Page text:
Athletics: Bold Radcliffe wins new admirers: A young Briton leaves Bondarenko and Pieterse behind across the Durham countryside as Gebresilasie trots up in men's race

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AN ENVIRONMENT devoted to the past provided a heartening glimpse of the future for British middle-distance running yesterday.

Paula Radcliffe, who turned 20 on 17 December, ran boldly and beautifully to win the County Durham international cross-country race on an undulating, snow-powdered course around the Beamish Open Air Museum.

In her wake amid the goods yards, workshops and model farms she left two competitors with illustrious pasts - Olga Bondarenko, Russia's 1988 Olympic 10,000 metres champion, and Zola Pieterse, formerly Budd, who was running her first cross-country event in this country since her traumatic return to South Africa five years ago.

Radcliffe, tall, blonde and pale, runs with an honesty and commitment which endears her to spectators. World junior cross-country champion two years ago in the snow of Boston, and seventh in last summer's world championship 3,000m final, she has the potential to take over the role at present occupied in women's athletics by Yvonne Murray and the former world 10,000m champion Liz McColgan, a winner here two years ago who is still recovering from a serious hamstring injury.

The leading trio broke away virtually at the start of the three-and-a-half lap 5,000 metres race. Radcliffe, negotiating the course best despite having the longest legs, established a 10-yard lead on the second lap as she pushed on up the steepest hill.

The gap opened up to 40 metres, and although Pieterse narrowed it to 25 metres by the finish, Radcliffe, grimacing with the effort and bobbing her head up and down, held on to win in 15min 37sec - one place better than she had managed after a similarly bold run in last year's event when she gave Ethiopia's Olympic 10,000m champion, Derartu Tulu, a run for her money.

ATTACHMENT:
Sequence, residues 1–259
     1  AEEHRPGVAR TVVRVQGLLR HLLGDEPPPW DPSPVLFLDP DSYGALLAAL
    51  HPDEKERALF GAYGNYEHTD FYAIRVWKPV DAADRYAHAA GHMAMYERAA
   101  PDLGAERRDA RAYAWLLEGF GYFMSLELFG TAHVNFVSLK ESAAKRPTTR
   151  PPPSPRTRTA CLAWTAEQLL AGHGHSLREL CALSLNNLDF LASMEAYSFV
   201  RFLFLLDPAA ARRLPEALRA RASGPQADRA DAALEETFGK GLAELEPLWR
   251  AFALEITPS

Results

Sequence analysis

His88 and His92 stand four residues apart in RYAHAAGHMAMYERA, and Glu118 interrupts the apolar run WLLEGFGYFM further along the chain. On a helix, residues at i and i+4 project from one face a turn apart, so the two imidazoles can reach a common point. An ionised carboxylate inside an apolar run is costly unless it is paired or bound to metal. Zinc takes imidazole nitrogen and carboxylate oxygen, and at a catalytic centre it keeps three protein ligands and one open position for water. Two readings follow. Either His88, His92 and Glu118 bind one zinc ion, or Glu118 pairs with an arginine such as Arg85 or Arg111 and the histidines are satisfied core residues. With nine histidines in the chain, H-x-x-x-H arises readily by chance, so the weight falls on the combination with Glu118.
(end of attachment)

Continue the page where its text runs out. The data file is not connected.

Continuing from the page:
'I am probably in better shape than I was this time last year,' Radcliffe said. 'Last year I think I was at my peak in January. I hope to build on this performance this year.'

Her aims are the world cross-country championships in Budapest in March, and then the 3,000m in - probably - both the Commonwealth and European Championships.

'I only looked round once at Zola,' she said. 'Near the end, everybody started saying, 'Keep going, keep going, she's closing.' I was absolutely knackered, but I held on.'

Pieterse also finished tired, as she was fully entitled to do. Following the withdrawal of first Lynn Jennings, a three- times world champion, and then Sonia O'Sullivan, the world 1500m silver medallist, Pieterse had received her invitation only three days previously, and had flown in the day before.

She is in the middle of one of the most intensive training periods of her life as she prepares for the world championships in Budapest - having won the title twice for Britain in 1985 and 1986, she wants to add a third for her native country in March. For the last seven weeks she has been averaging 150km per week in the arid hills around her home in Bloemfontein.

A far more relaxed figure than the tense waif who left these shores after being frozen out of Olympic selection in 1988, Pieterse was generous in her praise of an opponent who had beaten her with the kind of front-running which she herself has always favoured.

'If she keeps on like that, I'm sure Paula will have a good chance of winning the world title,' she said.

The event was part of the International Amateur Athletic Federation's World Cross Challenge, although the women's race did not count towards the overall points total because there were not enough qualified entrants. That did not worry Radcliffe, a second-year student at Loughborough University. 'I don't have to run for money,' she said. 'It doesn't interest me. Mum and Dad are very supportive.'

The men's race, over 9,000 metres, was won with utter ease by Haile Gebresilasie, Ethiopia's 20-year-old world 10,000m champion, in 26:27.

Steve Tunstall, of Britain, was second in 26:38, finishing swiftly after Andrew Pearson, the 22-year-old who was Britain's top finisher in last year's world championships, had run bravely with the Ethiopian for the bulk of the race.

Eamonn Martin, still to attain full race fitness after his foot injury, was well down, as was Rob Denmark, the European Cup 5,000m champion.

The Ethiopian's victory was entirely expected. In the last two years he has risen to the peak of his event. Having won the world junior cross-country title in 1992, he finished seventh in the senior event last year. On the track, he took world junior titles at 5,000 and 10,000m two years ago and followed them with gold at 10,000 and silver at 5,000m in Stuttgart last summer. Nobody else could live with him.

(Photograph omitted)